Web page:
1. Regular consumption of nuts was associated with lower overall and cause-specific mortality.
2. The association was dose-dependent, with higher frequency of nut consumption associated with lower hazard ratios for death.
Evidence Rating Level: 2 (Good)
Study Rundown: This study of two large, prospective cohorts demonstrated an association between nut consumption and mortality. The study found an inverse association between nut consumption and overall as well as cause-specific mortality. The effect was dose-dependent, with higher frequency of nut consumption associated with lower hazard ratios for death. The authors caution that they could not rule out all confounding factors, and that the study design allows for conclusions on association but not causality. Nevertheless, the study was well-designed and adequately powered due to the large study size, long follow-up period, and high follow-up rates in both cohorts.
The study was funded by the NIH and the International Tree Nut Council Nutrition Research and Education Foundation.
In-Depth [cohort study]: This study assessed the association between nut consumption and mortality. The final analyses included 76,464 women and 42,498 men after exclusions. Study subjects were followed for a period of 30 years (2,135,482 person-years). The primary outcome was death from any cause. Cause-specific mortality was also analyzed.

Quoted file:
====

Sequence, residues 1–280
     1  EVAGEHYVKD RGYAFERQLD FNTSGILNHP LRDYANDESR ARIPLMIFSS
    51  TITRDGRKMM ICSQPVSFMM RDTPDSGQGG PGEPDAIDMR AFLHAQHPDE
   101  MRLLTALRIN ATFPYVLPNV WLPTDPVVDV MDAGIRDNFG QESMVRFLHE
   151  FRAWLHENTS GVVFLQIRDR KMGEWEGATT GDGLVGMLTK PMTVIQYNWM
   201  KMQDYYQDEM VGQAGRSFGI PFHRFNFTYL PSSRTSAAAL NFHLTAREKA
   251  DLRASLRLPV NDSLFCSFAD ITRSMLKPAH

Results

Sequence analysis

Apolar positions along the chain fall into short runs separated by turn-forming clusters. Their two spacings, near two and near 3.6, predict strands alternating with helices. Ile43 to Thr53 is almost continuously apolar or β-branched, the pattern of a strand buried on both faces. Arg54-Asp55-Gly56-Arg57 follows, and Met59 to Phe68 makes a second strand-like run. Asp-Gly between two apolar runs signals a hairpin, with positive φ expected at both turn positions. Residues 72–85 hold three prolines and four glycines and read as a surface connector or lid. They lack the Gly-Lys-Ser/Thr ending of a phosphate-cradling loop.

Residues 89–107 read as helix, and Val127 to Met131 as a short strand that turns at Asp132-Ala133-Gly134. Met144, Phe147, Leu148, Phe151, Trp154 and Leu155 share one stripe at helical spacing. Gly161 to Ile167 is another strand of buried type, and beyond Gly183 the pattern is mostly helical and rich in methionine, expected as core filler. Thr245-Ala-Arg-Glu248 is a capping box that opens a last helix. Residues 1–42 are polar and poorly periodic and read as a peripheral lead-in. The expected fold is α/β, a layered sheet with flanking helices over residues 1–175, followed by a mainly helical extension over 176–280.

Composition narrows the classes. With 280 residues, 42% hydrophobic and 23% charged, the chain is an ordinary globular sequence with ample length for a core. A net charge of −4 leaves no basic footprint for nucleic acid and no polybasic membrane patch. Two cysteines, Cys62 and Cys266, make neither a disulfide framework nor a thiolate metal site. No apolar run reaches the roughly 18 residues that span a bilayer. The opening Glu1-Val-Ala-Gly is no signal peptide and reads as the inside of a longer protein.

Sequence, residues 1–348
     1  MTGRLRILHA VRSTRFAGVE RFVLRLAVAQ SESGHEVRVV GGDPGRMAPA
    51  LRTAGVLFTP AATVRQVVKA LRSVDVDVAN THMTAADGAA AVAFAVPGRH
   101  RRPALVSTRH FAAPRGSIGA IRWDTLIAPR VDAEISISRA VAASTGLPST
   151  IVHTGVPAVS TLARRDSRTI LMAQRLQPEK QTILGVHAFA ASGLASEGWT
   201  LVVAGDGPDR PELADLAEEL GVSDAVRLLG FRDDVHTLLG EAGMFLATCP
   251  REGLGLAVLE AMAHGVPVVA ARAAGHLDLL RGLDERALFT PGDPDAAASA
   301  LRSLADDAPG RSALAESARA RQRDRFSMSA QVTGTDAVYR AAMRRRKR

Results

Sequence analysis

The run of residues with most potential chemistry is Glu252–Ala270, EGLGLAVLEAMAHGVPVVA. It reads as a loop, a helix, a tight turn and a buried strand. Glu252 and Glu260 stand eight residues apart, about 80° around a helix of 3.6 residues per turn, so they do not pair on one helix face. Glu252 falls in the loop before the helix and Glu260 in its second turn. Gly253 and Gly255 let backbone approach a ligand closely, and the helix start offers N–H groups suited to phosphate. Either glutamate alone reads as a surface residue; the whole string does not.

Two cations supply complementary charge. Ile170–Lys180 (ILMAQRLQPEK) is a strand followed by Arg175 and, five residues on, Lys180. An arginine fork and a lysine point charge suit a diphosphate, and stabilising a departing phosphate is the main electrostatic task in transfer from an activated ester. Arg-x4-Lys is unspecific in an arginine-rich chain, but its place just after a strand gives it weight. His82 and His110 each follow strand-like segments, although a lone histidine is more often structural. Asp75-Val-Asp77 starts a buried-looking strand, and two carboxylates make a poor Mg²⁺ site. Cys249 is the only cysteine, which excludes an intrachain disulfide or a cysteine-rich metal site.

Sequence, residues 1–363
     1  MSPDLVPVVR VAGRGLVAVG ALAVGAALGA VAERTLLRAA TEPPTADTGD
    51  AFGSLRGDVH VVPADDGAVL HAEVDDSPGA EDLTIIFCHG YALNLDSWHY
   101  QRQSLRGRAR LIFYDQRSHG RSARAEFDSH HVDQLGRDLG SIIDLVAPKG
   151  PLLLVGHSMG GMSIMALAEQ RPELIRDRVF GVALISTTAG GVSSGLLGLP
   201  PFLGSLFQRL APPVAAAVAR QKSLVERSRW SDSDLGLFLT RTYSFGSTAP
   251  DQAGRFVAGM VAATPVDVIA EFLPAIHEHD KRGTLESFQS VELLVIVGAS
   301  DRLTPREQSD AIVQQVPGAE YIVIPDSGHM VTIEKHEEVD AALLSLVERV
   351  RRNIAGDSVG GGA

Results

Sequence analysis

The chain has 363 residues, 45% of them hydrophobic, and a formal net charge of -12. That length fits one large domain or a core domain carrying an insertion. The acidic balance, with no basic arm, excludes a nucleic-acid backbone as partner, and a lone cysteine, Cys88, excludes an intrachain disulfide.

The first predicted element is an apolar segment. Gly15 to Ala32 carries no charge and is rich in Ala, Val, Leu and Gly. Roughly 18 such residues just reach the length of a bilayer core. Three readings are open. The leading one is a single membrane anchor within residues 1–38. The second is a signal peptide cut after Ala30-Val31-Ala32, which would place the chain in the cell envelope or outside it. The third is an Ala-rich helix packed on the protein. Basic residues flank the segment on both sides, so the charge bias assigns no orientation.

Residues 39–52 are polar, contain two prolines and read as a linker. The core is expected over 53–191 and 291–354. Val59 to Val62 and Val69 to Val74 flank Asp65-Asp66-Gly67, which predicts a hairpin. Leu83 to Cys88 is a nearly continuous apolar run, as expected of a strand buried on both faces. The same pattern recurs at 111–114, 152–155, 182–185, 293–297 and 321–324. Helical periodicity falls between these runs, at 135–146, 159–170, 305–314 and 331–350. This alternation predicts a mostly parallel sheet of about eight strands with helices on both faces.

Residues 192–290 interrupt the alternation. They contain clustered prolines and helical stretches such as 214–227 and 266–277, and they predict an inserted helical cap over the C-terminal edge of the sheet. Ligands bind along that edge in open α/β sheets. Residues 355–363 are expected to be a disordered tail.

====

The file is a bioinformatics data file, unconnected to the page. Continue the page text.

Pooled, multivariate hazard ratios for death for nut consumers compared to non-consumers were 0.93 (95% confidence interval [CI], 0.90 to 0.96) for nut consumption less than once per week, 0.89 (95% CI, 0.86 to 0.93) for once per week, 0.87 (95% CI, 0.83 to 0.90) for two to four times per week, 0.85 (95% CI, 0.79 to 0.91) for five or six times per week, and 0.80 (95% CI, 0.73 to 0.86) for seven or more times per week (P<0.001 for trend). Similar patterns were observed in both men and women.
In cause-specific analyses, significant inverse associations were observed for death due to cancer, heart disease and respiratory disease. For any nut consumption, the hazard ratio was 0.91 (95% CI, 0.85 to 0.97) for death due to cancer, 0.74 (95% CI, 0.68 to 0.81) for heart disease, and 0.81 (95% CI, 0.65 to 1.01) for respiratory disease.
The authors could not rule out the possibility of confounding by unknown factors, but believed that based on sensitivity analysis, it was unlikely for one strong confounding factor to fully account for the associations.
By Xiaozhou Liu and Adrienne Cheung
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